Design Classic – Influential and important design
- Designer: Henry Van de Velde
- Material: Oak and Rush
Henry Van de Velde designed the Bloemenwerf Side Chair (1895-1898).
Bloemenwerf, Henry Van de Velde’s property outside Brussels, is the inspiration for this chair. Van de Velde planned and built the house and the interior—from the furniture to the wallpaper—resulting in a holistic design that exemplified the concept of a Gesamtkunstwerk “total work of art”. The chair demonstrates the designer’s ability to combine functional and decorative elements in his work. The chair’s ornamental qualities originate from the slightly curving back and legs, and each component exists because it is a structural need.
Van de Velde attributed John Ruskin and William Morris as influencing his transition from painting to decorative arts and architecture. Bloemenwerf, like Morris’s own Red House in Kent, was the artist’s first significant foray into these domains. The house contained chaste interiors with white walls and clean-lined “cottage” furniture that mimicked English rustic designs of the eighteenth century, such as this chair, which was inspired by other English craftsmen such as Ernest Gimson and C.F.A. Voysey. Art dealer Siegfried Bing also visited Bloemenwerf in 1895. He commissioned van de Velde to build model rooms and provide replicas of the Bloemenwerf furniture, including this chair, for Bing’s new shop in Paris.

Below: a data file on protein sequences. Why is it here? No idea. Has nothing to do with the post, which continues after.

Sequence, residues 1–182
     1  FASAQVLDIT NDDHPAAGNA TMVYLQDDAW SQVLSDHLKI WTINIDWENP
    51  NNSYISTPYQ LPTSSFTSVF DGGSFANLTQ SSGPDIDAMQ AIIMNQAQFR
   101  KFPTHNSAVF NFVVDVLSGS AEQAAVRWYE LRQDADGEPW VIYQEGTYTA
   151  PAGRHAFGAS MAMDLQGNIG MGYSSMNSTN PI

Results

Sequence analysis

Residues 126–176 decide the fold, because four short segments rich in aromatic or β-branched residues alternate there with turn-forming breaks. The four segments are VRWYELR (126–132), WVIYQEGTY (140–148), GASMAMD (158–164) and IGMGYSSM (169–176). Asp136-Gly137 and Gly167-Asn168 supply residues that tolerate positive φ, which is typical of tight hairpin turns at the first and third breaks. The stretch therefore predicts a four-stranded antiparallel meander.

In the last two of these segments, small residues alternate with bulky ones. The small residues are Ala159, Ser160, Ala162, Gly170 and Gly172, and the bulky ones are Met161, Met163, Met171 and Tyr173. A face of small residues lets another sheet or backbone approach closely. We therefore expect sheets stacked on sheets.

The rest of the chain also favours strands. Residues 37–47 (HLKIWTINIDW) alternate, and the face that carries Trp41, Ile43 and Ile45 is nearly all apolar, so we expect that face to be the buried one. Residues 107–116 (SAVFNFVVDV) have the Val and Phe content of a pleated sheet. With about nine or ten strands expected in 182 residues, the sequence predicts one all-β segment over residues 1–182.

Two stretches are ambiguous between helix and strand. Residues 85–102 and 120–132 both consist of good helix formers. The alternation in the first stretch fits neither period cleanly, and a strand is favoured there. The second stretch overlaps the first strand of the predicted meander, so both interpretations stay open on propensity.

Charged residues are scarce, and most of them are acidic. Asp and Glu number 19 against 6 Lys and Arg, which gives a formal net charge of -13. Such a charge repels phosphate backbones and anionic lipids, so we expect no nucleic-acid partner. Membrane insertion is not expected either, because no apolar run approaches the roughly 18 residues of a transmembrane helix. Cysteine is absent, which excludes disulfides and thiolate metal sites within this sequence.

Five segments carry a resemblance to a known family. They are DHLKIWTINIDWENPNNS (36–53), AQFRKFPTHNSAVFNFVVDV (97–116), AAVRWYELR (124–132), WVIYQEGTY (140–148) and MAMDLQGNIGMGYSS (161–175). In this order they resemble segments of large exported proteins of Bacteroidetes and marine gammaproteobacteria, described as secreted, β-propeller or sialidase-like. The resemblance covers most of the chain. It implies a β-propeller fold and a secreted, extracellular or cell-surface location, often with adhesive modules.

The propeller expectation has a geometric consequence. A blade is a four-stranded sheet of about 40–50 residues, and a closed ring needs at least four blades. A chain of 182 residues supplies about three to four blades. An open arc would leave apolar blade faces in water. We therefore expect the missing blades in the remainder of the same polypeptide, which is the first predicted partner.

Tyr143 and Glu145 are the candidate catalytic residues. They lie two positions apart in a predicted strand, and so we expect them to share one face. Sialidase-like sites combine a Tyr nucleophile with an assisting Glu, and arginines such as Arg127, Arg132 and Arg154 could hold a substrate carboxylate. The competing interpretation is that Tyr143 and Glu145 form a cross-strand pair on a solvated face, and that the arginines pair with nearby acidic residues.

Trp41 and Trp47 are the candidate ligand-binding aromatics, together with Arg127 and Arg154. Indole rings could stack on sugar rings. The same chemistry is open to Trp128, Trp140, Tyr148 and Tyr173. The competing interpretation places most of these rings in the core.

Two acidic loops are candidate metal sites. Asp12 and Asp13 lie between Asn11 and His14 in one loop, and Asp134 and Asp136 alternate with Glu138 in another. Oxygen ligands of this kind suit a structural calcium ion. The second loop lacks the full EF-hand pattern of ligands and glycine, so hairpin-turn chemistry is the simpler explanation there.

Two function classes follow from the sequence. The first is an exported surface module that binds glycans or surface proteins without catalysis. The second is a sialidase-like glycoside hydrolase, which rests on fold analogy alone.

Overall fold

While the chair’s form had identifiable roots in the country vernacular, its dramatically sprung curves declared van de Velde’s modern notions of a “new art,” which Bing’s gallery helped disseminate. The Societe Van de Velde, a decorating firm and factory formed by the artist in 1898, later placed it into commercial production.
Bloemenwerf Side Chair. Bloemenwerf Side Chair | Denver Art Museum. (n.d.). https://www.denverartmuseum.org/en/object/1994.641.
Hiesinger, K. B., & Marcus, G. H. (1995). Landmarks of twentieth-century design: an illustrated handbook. Abbeville Press.
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